Unkempt Thoughts — Act I

Among the few truly influential and attitude re-adjusting books I have read, E.M. Cioran’s debut book On The Heights of Despair (Written at age 22, similar to when I first read it, aged 21), is certainly one of them. Although this will not be a review of either the book or pessimism in general (although those will certainly feature in the near future), but a presentation of the unedited and unrefined notes scribbled within the empty spaces of the pages themselves – and in this way, such a direct and affected response to Cioran via these notes can be taken as a review itself, except not from any post-reading contemplation but an immediate reaction. Also, not every note made was necessarily a direct response to the text but an additional rumination using the framework with which I had indulged myself in through reading such a text.

On a side note, because I made just as many notes as did Cioran, I will make a few separate publications that allow for ease of digestion.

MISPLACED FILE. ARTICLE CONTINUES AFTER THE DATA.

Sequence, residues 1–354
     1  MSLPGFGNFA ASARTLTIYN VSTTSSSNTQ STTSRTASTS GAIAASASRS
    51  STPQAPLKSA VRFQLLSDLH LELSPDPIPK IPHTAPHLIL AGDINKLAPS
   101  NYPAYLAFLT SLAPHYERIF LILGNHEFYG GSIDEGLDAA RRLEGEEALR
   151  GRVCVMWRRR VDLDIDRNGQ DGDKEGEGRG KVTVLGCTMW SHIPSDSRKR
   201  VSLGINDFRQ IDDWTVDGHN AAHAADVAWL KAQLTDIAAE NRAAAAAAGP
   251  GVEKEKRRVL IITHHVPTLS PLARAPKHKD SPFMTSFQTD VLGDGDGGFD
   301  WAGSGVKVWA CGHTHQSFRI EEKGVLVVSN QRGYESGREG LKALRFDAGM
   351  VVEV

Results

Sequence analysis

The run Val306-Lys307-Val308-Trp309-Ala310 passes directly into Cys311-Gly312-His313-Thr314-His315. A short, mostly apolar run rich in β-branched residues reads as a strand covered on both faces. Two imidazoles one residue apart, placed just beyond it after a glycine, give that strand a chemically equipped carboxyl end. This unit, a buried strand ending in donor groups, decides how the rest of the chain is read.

— I would hate to think that I am perfect, and I would hate to think that others think I think I am perfect. But one of the troubles of Being is that we cannot know whether we are deluding ourselves or not. Like anybody, I’d like to think I’m not deluding myself, and if I’m not, well then I’m pretty damn perfect if you ask me.

— If there are possible absolutes, we are not one of them. On the spectrum of all possible worlds, all possible words have failed because of us. We are the cause for their failure, a median on the spectrum of non-existence. How can you know of anything if living a reality is just being alive in a world of either absolute good or evil? Such lack of conscious comes from a world where you don’t know you are not. We are the truly pessimistic world because we know of a world wholly better than ours. A world that doesn’t exist and yet can never cease from existing. An impossible. The paradox of the worst kind of suffering is not enduring absolute suffering, the worst pain imaginable, even though such suffering goes unthought as one can never know of anything except pain, and thus wouldn’t know themselves to be enduring anything but living a life as if nothing else was known, but, with the taste of hope this world offers coupled with the sense of freedom from pain.